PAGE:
Friday, June 1, 2012

Who's The First

"The City of Firsts" is what it is called...this town of Danville, Kentucky.  But before there was ever this town, or state, or country, the French, Spanish, and English were all trying to get here first.

However, the first to occupy this land that was to become Kentucky, were ethnic groups called the Shawnee and Cherokee.  As early as 1673 [When the French were roaming the land.] the Shawnee had defeated the Cherokee and occupied a major settlement and ceremonial grounds called "Eskippakithiki".  This was along one of the earliest recorded trails west of the Appalachian mountains called "The Warriors Path".  North to south, it ran along the length of the eastern side of this land that was to become Kentucky and my own family's home at Clark County, Kentucky.

What the Shawnee and the Cherokee were yet to face were the arrival from the north, of the powerful Iroquois.  The warfare which resulted between these ethic groups was felt to have been a cruel and devastating struggle leading to the defeat of the Shawnee and the Cherokee.   The last battle in this struggle is believed to have been fought near the Falls of the Ohio before the year 1700.  The Iroquois were left the victors and claimed the right by combat to the title of the valley of the Ohio.  Therefore, they were actually the first to name this area "Ken-tah-teh" which means "tomorrow", or "coming day".  How about that!  The Iroquois were the first to name this land.

Documentation is taken from: Wallis, F.A., Tapp, H.(eds.) A Sesqu-Centennial History of Kentucky. Vol.I - III, The Historical Record Association, Hopkinsville, KY, 1945.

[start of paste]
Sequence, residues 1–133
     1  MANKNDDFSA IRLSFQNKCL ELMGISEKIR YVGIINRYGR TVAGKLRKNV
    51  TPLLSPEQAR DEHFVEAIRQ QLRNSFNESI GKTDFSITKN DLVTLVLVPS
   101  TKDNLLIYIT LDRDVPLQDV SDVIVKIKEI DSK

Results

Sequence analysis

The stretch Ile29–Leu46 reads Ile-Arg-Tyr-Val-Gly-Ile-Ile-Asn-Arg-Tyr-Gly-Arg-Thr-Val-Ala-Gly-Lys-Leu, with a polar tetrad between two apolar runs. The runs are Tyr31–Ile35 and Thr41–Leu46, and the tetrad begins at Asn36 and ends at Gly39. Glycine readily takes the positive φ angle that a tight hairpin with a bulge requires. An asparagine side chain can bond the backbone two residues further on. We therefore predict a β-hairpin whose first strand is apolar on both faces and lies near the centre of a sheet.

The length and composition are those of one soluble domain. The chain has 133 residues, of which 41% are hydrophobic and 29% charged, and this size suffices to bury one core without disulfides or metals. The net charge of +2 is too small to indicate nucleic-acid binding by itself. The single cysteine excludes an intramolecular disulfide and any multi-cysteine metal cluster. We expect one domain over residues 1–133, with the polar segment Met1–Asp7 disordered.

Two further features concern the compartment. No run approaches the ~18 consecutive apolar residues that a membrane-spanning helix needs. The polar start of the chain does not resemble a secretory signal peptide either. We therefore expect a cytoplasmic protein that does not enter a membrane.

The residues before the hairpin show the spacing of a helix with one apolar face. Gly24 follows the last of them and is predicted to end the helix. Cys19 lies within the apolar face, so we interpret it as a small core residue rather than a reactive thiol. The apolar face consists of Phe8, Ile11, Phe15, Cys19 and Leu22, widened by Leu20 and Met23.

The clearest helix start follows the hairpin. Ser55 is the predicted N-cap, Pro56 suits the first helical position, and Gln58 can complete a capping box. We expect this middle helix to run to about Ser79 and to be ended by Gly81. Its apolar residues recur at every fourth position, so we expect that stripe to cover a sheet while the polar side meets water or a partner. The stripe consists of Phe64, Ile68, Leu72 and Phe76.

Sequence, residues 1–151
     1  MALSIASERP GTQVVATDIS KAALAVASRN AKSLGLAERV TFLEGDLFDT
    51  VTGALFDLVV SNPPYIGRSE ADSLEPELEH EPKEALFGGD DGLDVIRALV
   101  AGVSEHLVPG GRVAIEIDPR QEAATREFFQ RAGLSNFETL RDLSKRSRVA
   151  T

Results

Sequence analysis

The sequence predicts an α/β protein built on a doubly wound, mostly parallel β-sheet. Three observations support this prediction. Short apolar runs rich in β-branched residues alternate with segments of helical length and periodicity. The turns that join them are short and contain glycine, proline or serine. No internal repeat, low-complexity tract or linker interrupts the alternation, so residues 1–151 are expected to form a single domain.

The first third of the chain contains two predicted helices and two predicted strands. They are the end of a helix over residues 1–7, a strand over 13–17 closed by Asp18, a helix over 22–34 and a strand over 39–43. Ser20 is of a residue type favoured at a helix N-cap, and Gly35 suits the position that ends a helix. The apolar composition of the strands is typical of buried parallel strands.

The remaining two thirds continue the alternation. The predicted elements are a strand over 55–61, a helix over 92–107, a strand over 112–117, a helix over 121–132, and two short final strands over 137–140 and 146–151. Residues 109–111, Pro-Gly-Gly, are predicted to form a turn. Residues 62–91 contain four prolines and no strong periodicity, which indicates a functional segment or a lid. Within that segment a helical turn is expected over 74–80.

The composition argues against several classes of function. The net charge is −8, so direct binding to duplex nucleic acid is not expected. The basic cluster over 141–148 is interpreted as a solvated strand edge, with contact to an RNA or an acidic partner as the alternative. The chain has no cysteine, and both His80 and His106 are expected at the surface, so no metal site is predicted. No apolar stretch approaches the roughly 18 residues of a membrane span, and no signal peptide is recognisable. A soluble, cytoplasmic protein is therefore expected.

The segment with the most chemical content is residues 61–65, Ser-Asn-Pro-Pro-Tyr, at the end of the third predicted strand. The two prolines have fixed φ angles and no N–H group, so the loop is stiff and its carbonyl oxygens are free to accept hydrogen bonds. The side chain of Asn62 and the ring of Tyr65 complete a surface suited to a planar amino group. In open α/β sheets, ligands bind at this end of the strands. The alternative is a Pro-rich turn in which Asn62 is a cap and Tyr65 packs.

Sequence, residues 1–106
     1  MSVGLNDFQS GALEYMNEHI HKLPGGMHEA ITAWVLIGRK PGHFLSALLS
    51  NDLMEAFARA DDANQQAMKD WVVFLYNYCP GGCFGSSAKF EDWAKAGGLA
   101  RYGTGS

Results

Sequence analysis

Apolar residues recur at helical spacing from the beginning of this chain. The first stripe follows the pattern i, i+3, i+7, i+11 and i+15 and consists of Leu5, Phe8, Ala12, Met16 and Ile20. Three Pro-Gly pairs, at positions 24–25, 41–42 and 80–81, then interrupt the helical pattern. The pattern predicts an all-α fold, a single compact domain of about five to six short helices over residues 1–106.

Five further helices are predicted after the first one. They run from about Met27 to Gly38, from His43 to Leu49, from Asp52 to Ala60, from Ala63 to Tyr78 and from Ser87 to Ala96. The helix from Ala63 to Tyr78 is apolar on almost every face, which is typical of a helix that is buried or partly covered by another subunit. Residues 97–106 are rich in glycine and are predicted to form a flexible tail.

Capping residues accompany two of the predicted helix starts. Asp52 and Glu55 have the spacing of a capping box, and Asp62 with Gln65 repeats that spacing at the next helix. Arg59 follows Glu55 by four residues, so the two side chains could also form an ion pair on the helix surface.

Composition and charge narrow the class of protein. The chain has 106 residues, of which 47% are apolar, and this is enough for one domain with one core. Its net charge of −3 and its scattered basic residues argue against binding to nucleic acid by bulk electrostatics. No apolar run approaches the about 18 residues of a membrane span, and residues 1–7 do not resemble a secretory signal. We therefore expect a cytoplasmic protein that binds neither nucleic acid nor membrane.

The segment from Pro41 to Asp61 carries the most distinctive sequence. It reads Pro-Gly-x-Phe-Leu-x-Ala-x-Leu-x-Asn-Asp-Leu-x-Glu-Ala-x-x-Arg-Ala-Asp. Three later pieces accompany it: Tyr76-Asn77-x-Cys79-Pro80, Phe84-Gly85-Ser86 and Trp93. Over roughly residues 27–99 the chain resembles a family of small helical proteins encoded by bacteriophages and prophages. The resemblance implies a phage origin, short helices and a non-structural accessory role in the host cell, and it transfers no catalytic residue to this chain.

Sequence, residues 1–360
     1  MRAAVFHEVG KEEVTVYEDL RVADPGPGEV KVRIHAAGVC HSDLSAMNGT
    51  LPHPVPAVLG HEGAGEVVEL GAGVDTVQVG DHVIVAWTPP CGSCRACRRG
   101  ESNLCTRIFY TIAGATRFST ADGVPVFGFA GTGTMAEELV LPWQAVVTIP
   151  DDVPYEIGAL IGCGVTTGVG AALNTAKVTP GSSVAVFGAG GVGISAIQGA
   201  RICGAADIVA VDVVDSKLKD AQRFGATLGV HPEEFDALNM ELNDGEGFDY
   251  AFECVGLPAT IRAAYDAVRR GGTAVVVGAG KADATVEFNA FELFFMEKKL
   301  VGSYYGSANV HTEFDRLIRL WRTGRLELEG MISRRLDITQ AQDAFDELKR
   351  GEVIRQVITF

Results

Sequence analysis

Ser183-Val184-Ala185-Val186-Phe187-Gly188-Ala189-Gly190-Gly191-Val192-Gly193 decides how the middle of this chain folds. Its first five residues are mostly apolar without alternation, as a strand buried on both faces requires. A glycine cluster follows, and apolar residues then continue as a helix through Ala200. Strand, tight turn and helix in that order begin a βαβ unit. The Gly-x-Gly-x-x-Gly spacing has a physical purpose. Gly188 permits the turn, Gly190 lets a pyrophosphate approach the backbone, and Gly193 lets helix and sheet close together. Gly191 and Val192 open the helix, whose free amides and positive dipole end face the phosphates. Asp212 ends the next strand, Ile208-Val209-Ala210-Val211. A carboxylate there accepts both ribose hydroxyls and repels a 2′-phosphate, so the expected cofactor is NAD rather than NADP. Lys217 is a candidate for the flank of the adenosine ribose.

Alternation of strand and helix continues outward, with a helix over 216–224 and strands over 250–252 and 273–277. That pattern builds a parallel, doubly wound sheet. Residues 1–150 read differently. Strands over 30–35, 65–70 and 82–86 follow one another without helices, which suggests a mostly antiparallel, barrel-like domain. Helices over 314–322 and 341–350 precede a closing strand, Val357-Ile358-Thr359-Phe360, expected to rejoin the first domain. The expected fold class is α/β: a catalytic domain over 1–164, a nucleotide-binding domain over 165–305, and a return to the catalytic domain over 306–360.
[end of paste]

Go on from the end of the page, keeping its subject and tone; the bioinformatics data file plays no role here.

Saturday, May 12, 2012

An Early Map

The world powers of the day were trying to get their land claims clearly established in this new land.  Drawing a map was one way to show that you had been there and made a record of this exploration.

Who would have thought of putting this huge land mass in the middle of the expected water route to China anyway?

At any rate, the French were the first to show the geographic outline of this place that was to become Danville, Kentucky.

There was this river running east to west, that came out of the mountains which separated the occupied area [eastern side of the mountains], from to the road to China [the western side of the mountains].  North to south there was this other, much longer river that would connect the French controlled north to the warm water ports to the south.  Good idea to get there first!

The map shown above is the one first published in 1697 by the French.  The Ohio River [Hohio] is drawn pretty much like it flows from the Appalachian Mountains [Mons Apalachie].  The land that was to become Kentucky was just south of this "Hohio" River.  You can use your imagination to trace the outline of the state as it is drawn on this map.  Smack in the center of this area would become Danville, Kentucky.  A century or more yet to come of course.  Wow, here we were before anyone would ever guess it!

This map was published in 1697 by Louis Hennepin and titled: Le Cours du Fleuve Missippi 1697.
Hennepin, (Louis, SJ) Amsterdam, J.F. Bernard.

Saturday, May 5, 2012

The Beginning

Danville, Kentucky, Boyle County, is the geographical center of the State.  Its history begins at the end of the trail they called "The Wilderness Road".  Just after the Revolutionary War it was the first place you could mail a letter, buy supplies, get put in jail, and all kinds of fun stuff.  It has its own history, which needs to be shared.

A blog centered on the center of Kentucky.  How about that?  Spending some time on researching this topic, there is much to be said.  So come join me, and others who might have an interest.  Historic Danville, Kentucky...the beginning.

The figure to the right shows the cover of the book titled "Ken-Tah-The" which gives the story to the naming of Danville.  There is much more to tell.